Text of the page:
Monday, March 05, 2018
#FREESPEECH IN THE NEWS: MARCH 5, 2018
As the Citadel of Free Speech here in Cleveland, we work to protect and promote the basis of our democracy by sharing related stories, commentary, and opinions on free speech in the 21st century. Here's what's making the news – and what you should know about – in the past week.
1.) InfoWars' main YouTube channel is two strikes away from being banned
The video platform YouTube is enforcing the parameters on what it considers acceptable speech by users. Far-right commentator Alex Jones’ channel has been given a strike for violating the platform’s policy on harassment and bullying. The channel published a video titled, “David Hogg Can’t Remember His Lines In TV Interview” insinuating Hogg, a survivor of the recent school shooting at Marjory Stoneman Douglas High School in Florida is a paid actor.
"Last summer we updated the application of our harassment policy to include hoax videos that target the victims of these tragedies," said a YouTube spokesperson. "Any video flagged to us that violates this policy is reviewed and then removed."
YouTube’s posting policy states an account receiving two strikes in a three-month period cannot post for two weeks. Athird,and the account will be terminated.
2.) Georgia Lawmakers Punish Delta Air Lines Over NRA Feud
Constitution and law experts have raised concerns over the state of Georgia’s response to Delta Airlines’ announcement that it would end discounts for NRA members.
Georgia Lieutenant Governor Casey Cagle tweeted, “ I will kill any tax legislation that benefits @Delta unless the company changes its position and fully reinstates its relationship with @NRA. Corporations cannot attack conservatives and expect us not to fight back.” The legislation he is referring to is a $38 million sales tax exemption on jet fuel. Days after the tweet, the state Senate committee passed their tax bill without the tax break included with a 44-10 vote. The final bill will now have to reach an agreement in both the House and Senate before it is sent to the governor.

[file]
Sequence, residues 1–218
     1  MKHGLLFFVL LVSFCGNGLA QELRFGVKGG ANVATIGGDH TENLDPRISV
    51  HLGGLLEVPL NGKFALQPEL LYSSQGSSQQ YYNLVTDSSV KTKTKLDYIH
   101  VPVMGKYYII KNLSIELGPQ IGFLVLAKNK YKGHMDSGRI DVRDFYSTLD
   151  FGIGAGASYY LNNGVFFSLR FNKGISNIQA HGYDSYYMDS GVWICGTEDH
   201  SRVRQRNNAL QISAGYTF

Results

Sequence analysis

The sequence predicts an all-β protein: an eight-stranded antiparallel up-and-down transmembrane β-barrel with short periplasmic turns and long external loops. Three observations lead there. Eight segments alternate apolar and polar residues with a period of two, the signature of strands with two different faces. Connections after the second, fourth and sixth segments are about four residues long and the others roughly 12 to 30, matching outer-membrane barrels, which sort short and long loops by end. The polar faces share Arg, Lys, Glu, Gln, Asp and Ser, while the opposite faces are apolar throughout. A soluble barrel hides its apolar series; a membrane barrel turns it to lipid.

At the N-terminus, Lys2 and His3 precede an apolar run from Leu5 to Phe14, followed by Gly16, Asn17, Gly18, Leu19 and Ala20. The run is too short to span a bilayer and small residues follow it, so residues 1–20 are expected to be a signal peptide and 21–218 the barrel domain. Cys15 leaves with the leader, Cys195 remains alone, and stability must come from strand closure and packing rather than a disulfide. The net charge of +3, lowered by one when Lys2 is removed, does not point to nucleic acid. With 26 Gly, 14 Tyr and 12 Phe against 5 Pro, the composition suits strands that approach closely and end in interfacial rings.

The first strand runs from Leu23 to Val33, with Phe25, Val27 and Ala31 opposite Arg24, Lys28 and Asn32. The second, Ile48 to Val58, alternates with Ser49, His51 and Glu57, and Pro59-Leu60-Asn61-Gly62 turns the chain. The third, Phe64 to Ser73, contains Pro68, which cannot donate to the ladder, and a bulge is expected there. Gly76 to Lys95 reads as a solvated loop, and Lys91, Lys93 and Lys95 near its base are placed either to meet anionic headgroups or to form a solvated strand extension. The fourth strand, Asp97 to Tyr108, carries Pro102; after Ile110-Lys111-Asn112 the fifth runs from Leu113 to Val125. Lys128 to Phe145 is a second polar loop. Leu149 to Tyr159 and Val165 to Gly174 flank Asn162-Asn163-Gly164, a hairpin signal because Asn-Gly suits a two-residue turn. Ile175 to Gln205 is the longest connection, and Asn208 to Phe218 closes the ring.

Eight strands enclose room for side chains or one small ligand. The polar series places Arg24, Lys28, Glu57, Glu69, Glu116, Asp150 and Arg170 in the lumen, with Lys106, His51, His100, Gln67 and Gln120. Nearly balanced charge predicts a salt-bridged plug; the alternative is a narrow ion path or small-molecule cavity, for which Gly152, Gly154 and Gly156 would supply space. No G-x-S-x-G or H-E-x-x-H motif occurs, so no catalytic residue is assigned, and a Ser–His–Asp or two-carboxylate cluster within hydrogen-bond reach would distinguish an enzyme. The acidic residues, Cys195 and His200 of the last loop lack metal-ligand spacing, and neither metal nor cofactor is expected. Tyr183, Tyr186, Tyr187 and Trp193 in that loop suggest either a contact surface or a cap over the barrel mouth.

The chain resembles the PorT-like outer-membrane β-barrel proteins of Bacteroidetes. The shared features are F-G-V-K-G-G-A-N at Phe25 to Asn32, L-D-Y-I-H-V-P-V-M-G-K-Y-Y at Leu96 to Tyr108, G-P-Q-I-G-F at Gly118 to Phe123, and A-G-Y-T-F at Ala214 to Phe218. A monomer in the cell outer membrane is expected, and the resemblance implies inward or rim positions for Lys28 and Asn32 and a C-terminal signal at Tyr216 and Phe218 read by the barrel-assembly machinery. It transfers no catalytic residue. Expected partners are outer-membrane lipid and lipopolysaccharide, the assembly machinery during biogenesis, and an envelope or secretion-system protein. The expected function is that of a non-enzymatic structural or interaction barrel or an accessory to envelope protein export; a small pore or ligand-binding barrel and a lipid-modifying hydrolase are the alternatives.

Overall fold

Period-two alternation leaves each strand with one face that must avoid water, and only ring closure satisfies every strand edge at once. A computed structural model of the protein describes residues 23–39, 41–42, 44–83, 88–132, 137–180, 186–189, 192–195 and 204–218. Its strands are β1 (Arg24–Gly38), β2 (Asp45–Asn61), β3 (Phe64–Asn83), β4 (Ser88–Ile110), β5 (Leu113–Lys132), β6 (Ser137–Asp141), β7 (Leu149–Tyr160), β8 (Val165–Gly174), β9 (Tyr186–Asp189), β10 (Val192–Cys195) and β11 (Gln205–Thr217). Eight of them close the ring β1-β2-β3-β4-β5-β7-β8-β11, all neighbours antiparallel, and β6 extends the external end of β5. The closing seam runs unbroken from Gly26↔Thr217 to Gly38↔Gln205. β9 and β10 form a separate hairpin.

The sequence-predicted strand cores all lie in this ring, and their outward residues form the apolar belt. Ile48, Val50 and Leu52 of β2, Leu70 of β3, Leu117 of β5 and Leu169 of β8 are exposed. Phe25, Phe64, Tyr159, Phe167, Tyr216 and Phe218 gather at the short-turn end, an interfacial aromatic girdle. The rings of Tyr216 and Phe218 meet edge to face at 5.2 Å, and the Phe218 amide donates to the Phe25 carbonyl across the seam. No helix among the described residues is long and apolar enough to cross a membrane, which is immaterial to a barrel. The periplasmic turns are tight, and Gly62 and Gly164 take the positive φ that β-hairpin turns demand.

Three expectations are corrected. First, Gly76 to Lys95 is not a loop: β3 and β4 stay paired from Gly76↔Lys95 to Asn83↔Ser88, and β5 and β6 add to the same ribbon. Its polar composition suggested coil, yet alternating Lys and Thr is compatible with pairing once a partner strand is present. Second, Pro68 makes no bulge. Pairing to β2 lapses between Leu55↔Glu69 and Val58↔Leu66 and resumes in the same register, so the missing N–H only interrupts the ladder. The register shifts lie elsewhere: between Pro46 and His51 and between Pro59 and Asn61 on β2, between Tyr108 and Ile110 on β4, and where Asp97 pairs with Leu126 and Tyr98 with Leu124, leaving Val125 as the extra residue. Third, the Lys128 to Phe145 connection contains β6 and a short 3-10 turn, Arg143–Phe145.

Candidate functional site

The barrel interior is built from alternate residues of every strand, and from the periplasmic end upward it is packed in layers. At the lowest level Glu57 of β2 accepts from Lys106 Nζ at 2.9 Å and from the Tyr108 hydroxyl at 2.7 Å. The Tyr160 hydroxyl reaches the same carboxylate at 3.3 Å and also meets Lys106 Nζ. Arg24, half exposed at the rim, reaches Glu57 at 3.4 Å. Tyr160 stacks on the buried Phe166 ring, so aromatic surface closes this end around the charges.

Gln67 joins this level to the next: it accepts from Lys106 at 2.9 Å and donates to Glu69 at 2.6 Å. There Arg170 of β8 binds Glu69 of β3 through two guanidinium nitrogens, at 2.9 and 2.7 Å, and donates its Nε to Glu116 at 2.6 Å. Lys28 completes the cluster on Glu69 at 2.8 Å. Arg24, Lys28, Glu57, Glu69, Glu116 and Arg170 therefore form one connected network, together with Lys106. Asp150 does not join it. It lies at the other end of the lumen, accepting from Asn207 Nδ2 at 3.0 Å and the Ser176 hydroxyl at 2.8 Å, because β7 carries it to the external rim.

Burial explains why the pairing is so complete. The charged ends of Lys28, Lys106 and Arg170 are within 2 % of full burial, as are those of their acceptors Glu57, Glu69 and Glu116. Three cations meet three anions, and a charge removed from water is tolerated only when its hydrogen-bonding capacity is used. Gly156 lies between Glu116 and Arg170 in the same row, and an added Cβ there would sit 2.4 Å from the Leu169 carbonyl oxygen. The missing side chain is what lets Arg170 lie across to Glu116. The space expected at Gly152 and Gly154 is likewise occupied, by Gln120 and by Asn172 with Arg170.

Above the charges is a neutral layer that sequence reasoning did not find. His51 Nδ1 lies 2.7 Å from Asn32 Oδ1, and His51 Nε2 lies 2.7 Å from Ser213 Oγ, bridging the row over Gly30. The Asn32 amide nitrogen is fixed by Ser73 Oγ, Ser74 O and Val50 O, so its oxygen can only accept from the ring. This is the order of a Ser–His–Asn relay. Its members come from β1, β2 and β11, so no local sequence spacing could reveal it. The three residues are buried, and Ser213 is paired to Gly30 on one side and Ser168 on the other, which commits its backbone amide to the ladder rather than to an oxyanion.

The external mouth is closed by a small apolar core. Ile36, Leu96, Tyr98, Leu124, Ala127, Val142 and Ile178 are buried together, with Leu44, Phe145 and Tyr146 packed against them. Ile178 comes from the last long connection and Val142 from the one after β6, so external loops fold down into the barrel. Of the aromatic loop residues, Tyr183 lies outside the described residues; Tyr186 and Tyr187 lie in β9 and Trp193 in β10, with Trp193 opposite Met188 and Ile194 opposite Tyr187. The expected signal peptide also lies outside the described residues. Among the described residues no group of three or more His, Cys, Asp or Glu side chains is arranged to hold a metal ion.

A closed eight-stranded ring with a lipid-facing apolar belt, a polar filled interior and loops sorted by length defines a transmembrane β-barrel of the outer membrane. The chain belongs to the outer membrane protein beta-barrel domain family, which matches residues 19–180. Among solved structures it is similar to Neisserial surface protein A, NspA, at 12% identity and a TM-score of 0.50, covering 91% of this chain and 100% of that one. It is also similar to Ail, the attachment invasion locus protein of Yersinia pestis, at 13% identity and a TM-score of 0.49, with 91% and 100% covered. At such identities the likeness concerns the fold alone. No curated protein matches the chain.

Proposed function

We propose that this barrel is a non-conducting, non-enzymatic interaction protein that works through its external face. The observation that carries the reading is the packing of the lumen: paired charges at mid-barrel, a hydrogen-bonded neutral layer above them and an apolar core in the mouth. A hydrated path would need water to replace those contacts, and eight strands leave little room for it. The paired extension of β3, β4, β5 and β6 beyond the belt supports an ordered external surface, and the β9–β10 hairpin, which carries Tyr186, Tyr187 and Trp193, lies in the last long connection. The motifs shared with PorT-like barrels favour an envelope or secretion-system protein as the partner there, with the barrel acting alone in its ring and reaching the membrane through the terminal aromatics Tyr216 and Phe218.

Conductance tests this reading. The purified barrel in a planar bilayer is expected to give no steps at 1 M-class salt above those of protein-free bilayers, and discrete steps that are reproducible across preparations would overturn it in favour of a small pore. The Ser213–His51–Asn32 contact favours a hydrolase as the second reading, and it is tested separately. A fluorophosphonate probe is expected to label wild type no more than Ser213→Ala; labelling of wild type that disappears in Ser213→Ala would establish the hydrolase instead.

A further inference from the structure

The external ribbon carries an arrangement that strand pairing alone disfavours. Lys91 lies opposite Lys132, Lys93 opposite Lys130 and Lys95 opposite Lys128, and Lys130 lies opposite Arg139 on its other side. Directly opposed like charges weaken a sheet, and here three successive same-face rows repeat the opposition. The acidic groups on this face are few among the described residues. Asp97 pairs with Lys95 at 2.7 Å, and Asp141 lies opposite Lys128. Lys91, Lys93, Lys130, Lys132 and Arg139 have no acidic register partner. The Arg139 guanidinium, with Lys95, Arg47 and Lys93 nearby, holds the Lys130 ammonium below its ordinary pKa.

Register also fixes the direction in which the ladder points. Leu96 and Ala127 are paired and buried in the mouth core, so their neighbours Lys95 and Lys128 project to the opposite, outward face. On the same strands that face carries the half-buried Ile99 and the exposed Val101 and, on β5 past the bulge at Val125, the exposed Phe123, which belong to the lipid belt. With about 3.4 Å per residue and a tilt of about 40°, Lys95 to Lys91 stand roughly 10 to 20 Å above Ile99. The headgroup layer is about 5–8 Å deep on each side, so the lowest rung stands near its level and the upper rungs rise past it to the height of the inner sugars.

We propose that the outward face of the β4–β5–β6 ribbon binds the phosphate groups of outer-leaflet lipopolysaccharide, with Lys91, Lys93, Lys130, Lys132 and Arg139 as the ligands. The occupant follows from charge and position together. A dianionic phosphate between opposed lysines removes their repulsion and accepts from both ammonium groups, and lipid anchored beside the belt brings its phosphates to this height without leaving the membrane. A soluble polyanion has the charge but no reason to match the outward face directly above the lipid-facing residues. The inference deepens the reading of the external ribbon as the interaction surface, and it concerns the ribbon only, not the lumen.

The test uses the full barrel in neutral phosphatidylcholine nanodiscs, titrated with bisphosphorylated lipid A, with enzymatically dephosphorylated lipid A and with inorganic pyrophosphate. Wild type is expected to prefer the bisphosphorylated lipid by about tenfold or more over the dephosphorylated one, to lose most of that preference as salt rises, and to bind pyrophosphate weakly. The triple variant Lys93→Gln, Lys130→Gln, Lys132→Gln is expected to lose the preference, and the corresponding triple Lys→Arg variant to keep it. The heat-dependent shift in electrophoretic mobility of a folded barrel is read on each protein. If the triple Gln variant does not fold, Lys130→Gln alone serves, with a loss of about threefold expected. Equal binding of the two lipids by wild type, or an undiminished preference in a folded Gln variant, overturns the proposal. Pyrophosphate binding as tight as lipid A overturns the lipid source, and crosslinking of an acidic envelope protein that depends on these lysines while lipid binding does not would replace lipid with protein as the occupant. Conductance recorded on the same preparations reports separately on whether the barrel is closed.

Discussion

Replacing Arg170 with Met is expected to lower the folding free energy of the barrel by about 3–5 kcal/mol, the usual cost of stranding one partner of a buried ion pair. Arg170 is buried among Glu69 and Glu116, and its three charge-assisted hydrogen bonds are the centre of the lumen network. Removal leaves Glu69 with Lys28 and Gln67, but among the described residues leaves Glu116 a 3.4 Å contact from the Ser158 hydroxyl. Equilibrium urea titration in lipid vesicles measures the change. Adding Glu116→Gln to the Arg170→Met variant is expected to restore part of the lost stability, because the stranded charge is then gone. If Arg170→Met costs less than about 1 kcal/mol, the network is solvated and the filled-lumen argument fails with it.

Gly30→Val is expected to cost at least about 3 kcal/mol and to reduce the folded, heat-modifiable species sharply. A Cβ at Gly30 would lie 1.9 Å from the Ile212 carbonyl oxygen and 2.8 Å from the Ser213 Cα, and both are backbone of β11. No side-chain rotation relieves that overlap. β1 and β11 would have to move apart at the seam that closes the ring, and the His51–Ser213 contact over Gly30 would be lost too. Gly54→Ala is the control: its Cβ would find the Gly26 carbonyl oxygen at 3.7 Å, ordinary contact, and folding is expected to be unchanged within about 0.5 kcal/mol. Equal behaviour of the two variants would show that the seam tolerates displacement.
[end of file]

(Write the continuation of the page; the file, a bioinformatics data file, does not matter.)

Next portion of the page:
According to experts, corporations do have first amendments rights. If the state of Georgia punishes a corporation for expressing views it does not agree with, the move could be considered unconstitutional.
Delta is Georgia’s largest private employer, employing 33,000 workers across the state.
3.) RJ Wins First Amendment Decision on October 1 Autopsies
The Las Vegas Review-Journal has won a lawsuit stating that reporting autopsiesis a first amendment right. Specifically, the paper urged they had the right to publish the autopsy reports of victims of the 2017 Las Vegas shooting.
The suit came about after victims’ families stepped forward saying there should be restraint in what is reported in media outlets.
Attorney Maggie McLetchie argued journalists have the responsibility to report events in full detail. According to the paper, the facts of an event alone do not constitute sensationalism, and, in fact, are facts that are readily available. The judge sided with the paper saying since this information is available from the coroner, restricting the paper from publishing these facts would be violating its free speech rights.